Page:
Adoption creates a parent/child relationship with all of its rights and duties and at the same time removes the rights and duties of any previous parent/child relationship. This relationship must also be created by court order.  You will have to appear before the court and sign a written statement saying that you will act in all ways as the parent of the person and that you will take on all the duties that go with that.

Some of the most often asked questions are:

May I adopt?

In order to adopt, you must be an adult who is 1) married with permission from your spouse, or 2) single and not living with another person.  Also, the person you are adopting must be at least ten years younger than you. 

If you are able to adopt a child, the court will consider the best interest of the child. In order to decide what are the best interests of the child, the court may order the Department of Child and Family Services (DCFS) to investigate and make a report to the court. 

Where do I file the paperwork?

A petition for adoption is often filed in district court.  However, if there is an action in juvenile court to end a parent’s rights, the petition may be filed there.

Who needs to be notified?

Any person or institution whose consent is needed must be given at least thirty (30) days notice.  Below are some examples of people who might need to be notified:

  • Anyone who has filed a paternity action for the child and filed a notice of that action with the Department of Vital Statistics;
  • Any legally appointed guardian or caregiver;
  • Your spouse, if you are married;
  • A parent listed on the birth certificate; and
  • A person who lives with the child and acts like the child’s parent.

Who needs to give consent?

You will usually need written consent from at least one person.  Consent may be given in front of a judge or given to an adoption agency. Once consent is given, it cannot be taken back. A person may not give consent until the child is at least 24 hours old.  The list of who may have to give consent is like the list of those you must notify:

  • The person being adopted if they are over 12 and mentally sound;
  • Both parents of a minor child, if born within a marriage;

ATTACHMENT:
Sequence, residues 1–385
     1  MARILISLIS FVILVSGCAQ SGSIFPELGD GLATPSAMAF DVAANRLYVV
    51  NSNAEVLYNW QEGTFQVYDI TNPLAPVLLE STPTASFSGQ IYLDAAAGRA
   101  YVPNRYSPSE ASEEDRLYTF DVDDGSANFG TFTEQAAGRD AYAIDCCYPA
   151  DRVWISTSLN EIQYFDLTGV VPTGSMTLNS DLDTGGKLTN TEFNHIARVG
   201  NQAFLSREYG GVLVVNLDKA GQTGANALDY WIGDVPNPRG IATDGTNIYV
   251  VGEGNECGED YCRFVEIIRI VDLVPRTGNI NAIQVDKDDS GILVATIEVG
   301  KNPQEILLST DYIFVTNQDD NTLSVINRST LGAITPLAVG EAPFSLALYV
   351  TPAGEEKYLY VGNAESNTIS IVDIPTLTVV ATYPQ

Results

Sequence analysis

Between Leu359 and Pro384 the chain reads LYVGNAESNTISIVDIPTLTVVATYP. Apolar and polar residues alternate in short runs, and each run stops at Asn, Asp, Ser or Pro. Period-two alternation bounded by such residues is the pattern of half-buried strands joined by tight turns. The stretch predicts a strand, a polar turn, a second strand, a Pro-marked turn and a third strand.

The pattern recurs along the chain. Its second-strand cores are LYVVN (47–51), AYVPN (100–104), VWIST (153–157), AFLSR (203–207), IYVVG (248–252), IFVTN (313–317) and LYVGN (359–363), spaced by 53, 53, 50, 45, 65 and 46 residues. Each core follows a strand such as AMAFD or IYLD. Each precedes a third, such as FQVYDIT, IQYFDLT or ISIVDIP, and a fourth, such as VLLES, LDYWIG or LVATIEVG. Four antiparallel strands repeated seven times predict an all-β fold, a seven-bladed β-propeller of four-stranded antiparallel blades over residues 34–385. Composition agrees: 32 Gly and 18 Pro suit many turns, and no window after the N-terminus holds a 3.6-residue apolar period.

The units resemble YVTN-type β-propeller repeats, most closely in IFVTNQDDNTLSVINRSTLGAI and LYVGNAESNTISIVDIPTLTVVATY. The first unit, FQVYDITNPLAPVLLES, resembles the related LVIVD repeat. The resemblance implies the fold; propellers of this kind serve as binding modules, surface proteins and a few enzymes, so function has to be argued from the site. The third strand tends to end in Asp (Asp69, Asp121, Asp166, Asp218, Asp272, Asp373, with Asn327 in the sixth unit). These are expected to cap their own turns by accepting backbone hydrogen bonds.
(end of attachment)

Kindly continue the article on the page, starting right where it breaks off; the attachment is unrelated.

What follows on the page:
• If the child was born outside of marriage, you need the consent of the mother of the child, and the father if:
    • a court has ruled that he is the father,
    • he has filed a statement that he is the father before the mother signs the consent of adoption,
    • he has developed a strong bond with the child and has taken some responsibility and/or shown some commitment for the child, or
    • he has lived with the child for 6 months within the child’s first year and acted as though the child was his own.
  • the adoption agency.

When is consent not needed?

Consent will not be needed if no other relationship with the person being adopted exists.  Some examples are:

  • a person’s parental rights have been ended
  • an unmarried father has not proven his parentage (as described above), or
  • a parent is dead.  

If you cannot get consent from the natural father because he cannot be found, you must file a certificate from the Department of Health stating that a complete search for the filing of paternity was done and that no filing could be found.

What if someone doesn't agree to the adoption?

They have a right to fight the adoption if they disagree.  To do so, they must appear at the hearing or file a written statement of their concerns within 30 days of service of the notice of adoption.

How long does it take?

The adoption will not be completed until the person has lived in the home of the adoptive parent a period of time: 

  • One year if the adoptive parent is a step-parent; or
  • Otherwise, six months.

What about privacy?

Adoption records are sealed by the court and cannot be read or copied without permission of the court. Limited access to health information may be obtained.  However, Utah does have an adoption registry that has identifying information of an adopted child and their natural parent.  A child or parent can place their information in the registry. Brothers and sisters of adopted children who register may receive information about each other.

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